FDIC Told Of Community Banks Under FinTech Pressure


Large corporate banks have the resources to collaborate with — or even acquire — FinTech disruptors or to develop their own innovations in-house. Community banks, meanwhile, may struggle to compete, while the speed of innovation continues to accelerate.

Late last week, a group of community bankers told the Federal Deposit Insurance Corp. that they’re feeling the heat from their financial technology peers.

The FDIC held a meeting of its Advisory Committee on Community Banking, where executives from several community banks explained how they’re operating in a more competitive market.

“I think these nonbanks, FinTech-type opportunities, are going to be the biggest threat to, especially, community banks going forward,” said David Seleski, president of Florida-based Stonegate Bank.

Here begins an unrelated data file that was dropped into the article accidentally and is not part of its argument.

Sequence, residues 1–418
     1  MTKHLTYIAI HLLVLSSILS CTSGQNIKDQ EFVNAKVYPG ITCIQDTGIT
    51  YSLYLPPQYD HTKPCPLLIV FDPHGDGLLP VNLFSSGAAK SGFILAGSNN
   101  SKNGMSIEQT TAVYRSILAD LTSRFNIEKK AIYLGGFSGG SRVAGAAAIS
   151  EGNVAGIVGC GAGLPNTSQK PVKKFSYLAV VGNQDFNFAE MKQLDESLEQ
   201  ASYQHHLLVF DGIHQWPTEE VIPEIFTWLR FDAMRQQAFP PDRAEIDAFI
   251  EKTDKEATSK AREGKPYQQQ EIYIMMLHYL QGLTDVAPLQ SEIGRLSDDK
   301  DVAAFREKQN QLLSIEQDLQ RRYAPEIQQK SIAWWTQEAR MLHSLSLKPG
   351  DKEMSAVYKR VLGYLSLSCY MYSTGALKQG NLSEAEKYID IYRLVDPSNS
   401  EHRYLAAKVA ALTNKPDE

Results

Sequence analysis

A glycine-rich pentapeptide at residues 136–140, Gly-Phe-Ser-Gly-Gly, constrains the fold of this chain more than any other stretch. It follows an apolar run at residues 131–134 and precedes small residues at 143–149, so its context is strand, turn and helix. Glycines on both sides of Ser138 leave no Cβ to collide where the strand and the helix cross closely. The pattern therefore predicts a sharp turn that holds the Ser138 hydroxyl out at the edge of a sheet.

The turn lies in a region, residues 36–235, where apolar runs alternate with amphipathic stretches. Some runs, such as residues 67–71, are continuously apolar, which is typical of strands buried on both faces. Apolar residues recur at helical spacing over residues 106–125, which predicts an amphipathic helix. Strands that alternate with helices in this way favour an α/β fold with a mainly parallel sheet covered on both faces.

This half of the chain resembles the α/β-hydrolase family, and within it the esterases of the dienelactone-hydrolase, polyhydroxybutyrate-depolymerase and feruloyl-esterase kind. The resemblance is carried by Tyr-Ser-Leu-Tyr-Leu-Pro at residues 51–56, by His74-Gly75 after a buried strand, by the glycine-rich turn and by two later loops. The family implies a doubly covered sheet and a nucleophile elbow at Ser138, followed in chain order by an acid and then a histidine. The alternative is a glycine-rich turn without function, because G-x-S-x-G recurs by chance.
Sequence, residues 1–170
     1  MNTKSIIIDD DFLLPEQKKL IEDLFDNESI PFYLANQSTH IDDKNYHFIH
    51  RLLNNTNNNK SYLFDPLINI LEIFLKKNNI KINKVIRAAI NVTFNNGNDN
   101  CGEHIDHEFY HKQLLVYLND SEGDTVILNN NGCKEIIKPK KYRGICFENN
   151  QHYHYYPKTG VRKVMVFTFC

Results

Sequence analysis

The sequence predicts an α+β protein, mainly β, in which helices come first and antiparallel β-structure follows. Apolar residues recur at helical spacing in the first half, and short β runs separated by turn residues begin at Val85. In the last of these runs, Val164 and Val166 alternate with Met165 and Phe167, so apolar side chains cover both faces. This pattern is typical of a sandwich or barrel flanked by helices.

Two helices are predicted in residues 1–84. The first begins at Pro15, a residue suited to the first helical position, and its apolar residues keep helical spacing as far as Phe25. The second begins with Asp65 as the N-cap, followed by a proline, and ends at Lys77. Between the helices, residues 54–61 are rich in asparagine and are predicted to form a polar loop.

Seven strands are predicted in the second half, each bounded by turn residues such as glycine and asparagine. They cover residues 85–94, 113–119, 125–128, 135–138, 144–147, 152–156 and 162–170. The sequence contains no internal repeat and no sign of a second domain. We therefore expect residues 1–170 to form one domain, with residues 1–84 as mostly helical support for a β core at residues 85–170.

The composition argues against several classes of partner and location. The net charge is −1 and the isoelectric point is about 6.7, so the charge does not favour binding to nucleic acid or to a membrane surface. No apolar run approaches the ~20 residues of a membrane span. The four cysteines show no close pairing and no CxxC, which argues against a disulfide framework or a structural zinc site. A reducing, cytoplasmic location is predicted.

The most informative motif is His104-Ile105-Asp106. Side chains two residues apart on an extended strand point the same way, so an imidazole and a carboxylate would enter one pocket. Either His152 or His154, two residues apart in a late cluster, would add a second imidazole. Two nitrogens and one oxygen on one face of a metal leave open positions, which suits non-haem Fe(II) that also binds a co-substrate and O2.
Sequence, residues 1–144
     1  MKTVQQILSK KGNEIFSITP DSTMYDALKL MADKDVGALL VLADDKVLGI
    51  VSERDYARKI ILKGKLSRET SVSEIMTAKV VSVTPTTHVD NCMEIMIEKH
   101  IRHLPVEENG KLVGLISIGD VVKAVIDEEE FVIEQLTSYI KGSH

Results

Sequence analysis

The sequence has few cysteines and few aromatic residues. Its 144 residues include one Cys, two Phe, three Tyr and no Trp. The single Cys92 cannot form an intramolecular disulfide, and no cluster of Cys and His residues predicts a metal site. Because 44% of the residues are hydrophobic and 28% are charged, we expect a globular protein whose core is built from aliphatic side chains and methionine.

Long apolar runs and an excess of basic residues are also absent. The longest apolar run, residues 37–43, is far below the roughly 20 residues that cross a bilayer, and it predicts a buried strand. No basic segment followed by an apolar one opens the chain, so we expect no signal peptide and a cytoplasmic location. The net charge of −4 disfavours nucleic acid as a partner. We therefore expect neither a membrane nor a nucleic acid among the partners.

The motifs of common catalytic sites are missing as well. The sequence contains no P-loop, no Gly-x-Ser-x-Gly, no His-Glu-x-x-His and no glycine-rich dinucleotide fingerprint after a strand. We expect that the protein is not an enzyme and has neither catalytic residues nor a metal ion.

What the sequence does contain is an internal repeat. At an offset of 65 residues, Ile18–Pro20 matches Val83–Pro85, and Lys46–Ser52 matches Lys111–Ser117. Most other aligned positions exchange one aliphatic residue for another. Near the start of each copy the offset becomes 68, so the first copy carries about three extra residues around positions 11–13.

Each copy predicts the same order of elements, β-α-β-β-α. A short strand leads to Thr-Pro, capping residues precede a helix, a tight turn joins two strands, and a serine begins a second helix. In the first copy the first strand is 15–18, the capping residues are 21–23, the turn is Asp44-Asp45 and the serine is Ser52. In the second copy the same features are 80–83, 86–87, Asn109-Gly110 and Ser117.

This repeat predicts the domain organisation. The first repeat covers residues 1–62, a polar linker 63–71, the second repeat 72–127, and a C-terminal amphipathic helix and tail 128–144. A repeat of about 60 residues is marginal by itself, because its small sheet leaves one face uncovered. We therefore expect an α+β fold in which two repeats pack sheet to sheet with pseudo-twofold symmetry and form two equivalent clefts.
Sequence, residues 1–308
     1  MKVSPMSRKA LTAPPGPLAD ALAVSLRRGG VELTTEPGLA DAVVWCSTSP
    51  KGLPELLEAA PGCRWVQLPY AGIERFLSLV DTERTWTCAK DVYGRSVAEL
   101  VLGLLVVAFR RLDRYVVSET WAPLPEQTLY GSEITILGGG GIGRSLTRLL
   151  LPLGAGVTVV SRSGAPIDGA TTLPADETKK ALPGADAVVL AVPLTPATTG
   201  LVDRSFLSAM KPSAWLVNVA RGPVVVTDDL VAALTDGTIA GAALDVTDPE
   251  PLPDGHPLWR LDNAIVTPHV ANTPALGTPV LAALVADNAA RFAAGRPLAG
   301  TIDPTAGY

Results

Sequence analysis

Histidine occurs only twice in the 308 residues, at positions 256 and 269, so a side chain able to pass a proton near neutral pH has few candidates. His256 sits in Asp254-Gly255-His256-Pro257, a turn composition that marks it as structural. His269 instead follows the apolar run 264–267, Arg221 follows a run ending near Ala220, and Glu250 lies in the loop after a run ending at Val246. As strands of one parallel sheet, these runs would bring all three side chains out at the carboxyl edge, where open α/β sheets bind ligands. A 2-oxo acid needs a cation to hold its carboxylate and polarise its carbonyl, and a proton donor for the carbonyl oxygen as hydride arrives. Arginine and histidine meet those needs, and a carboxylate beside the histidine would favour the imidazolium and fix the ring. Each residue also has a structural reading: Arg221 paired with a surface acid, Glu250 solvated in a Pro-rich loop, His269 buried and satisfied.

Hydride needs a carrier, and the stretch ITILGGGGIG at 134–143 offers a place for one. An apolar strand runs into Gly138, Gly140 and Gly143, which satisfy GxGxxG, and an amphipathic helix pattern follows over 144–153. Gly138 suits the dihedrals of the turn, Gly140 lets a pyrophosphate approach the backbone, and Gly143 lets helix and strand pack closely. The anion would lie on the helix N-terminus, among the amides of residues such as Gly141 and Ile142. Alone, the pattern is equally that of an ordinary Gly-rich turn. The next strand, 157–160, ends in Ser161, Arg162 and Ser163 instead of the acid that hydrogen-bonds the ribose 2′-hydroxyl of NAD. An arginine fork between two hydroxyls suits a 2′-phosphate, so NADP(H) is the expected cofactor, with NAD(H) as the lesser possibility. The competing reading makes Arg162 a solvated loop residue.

Seleski, whose bank was in the news last month for being the first U.S. card issuer to launch cards that work in Cuba, told the FDIC that FinTech disruptors are “looking for that opportunity where they see there’s a particular aspect of a banking process that they can try to disrupt.”

“There are so many services we offer our clients, but there’s also a threat from nonbanks eating into our traditional profit area,” he continued.

Derek Williams, president and CEO of Century Bank & Trust, based in Georgia, also weighed in, highlighting the mobile P2P money transfer service Venmo as one that is particularly competitive.

“How can my customer get money to someone that quickly who is not a customer of the bank?” the executive said, also pointing to alternative and online lenders as another threatening area. “Those are the hurdles we’re trying to get by.”

The commentary was given as part of the FDIC‘s efforts to examine the FinTech space to oversee banks, consumer protection, compliance and more.

“It’s basically to gain an understanding and assess — monitor, if you will — FinTech activities, developments and trends, understand in greater detail what is occurring in the market [and] evaluate the impact to our organization and stakeholders,” explained FDIC Senior Deputy Director for Risk Management James Watkins during the committee.